If you wanted to take someone new to the sport and show them just how amazing and exciting motocross can be, this year’s True Valley Thunder Valley National in Colorado could serve as the model example. All four motos offered incredible racing, as well as some unpredictable winners. “You’ve seen three different winners in three different rounds and four different moto winners,” said Jason Anderson of the current state of the 450 class. “I think the door's open for there to be another winner. I think it’s cool. I think it’s good for the sport and I think it’s cool to keep it fresh. You don’t know what’s coming every weekend as a fan. Even for us, between Blake [Baggett], Marv [Musquin] and [Eli] Tomac, you don’t know who’s going to step up the weekend and be the dude. Every weekend there’s been one guy that’s been the fastest. It’s pretty killer.”
What was the secret ingredient this weekend? Maybe the altitude slowing the bikes? Maybe the track layout or prep? Alex Martin, who won the first 250 moto and finished third overall, thinks one of the biggest factors might have been the weather, as it was relatively cool in Colorado so everyone was able to pin it the whole way and battle. Jeremy Martin thinks it’s just competition, saying that now the 250 class is so closely matched the motos often just come down to who finds the good lines. Whatever the reason, this season is off to a roaring start, as last week’s dramatic tilt at Glen Helen was actually eclipsed in Colorado, with four scintillating motos, and all sorts of changing momentum and math in the series standings of both classes. One week of craziness? That’s just random. Two weeks in a row? This might really be something.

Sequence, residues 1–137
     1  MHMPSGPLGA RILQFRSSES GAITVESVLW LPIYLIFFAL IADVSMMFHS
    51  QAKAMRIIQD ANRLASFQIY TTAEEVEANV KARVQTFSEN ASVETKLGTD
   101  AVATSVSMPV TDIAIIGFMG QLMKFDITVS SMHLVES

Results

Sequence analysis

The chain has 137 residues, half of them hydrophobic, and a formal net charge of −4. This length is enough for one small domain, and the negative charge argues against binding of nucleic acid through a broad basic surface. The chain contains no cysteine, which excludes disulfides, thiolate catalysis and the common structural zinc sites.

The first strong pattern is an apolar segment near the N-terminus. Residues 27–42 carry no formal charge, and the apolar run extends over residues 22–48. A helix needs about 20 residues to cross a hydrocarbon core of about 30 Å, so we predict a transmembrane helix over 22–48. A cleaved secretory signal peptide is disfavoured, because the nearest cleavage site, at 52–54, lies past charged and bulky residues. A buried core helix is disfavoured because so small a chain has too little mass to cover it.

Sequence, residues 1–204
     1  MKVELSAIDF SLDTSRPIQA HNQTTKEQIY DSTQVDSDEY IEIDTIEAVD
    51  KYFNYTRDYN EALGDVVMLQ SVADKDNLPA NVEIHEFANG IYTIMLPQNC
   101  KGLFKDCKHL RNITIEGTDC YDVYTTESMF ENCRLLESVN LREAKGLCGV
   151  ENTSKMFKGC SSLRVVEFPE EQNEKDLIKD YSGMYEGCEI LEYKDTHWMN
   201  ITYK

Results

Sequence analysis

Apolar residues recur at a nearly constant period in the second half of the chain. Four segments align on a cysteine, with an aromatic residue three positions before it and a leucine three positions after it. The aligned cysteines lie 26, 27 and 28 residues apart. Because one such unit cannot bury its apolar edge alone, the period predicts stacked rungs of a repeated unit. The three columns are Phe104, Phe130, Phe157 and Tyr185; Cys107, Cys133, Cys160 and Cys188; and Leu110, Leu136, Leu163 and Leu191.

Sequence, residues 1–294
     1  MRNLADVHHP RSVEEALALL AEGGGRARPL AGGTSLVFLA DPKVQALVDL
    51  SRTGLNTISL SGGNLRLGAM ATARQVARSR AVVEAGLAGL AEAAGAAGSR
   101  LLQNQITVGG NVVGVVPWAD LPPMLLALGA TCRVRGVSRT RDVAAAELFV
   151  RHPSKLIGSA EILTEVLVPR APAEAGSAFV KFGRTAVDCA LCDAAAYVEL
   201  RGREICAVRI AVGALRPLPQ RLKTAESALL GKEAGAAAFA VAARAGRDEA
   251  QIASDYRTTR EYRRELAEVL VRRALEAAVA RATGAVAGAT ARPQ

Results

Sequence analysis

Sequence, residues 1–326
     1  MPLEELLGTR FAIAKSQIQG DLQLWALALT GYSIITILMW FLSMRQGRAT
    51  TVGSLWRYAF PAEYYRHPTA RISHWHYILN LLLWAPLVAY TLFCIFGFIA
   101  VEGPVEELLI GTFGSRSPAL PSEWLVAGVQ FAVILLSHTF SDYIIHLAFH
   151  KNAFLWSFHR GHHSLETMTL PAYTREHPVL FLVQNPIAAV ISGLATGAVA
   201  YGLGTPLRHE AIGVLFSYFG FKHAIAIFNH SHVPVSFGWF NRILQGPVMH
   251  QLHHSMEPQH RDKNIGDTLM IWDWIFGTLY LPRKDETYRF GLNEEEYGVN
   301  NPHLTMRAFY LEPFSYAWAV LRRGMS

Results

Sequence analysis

The 450 class started with fire. Literally. An hour and fifteen minutes before the first moto, the RCH/Yoshimura Suzuki pit caught on fire when one mechanic lit a blow torch a little too close to another who was gassing up Broc Tickle’s bike. Tickle’s gas tank ignited, but the team quickly got fire extinguishers and put the fire out. The bikes, apparently, were good, because Tickle and Justin Bogle started second and third behind Martin Davalos, and when Davalos crashed Bogle found himself in the lead. Then…he just started checking out! Bogle was in complete control the whole way, and was even able to celebrate with leg swag, whips and nac-nacs while holding a 12-second lead most of the way. For a rider who struggled mightily in Monster Energy Supercross this season, Bogle desperately needed a change, and he credits moving to Ricky Carmichaels GOAT Farm for a lot of his recent improvements. Whatever the reason, Bogle was on fire in the first moto. In moto two, he took ninth.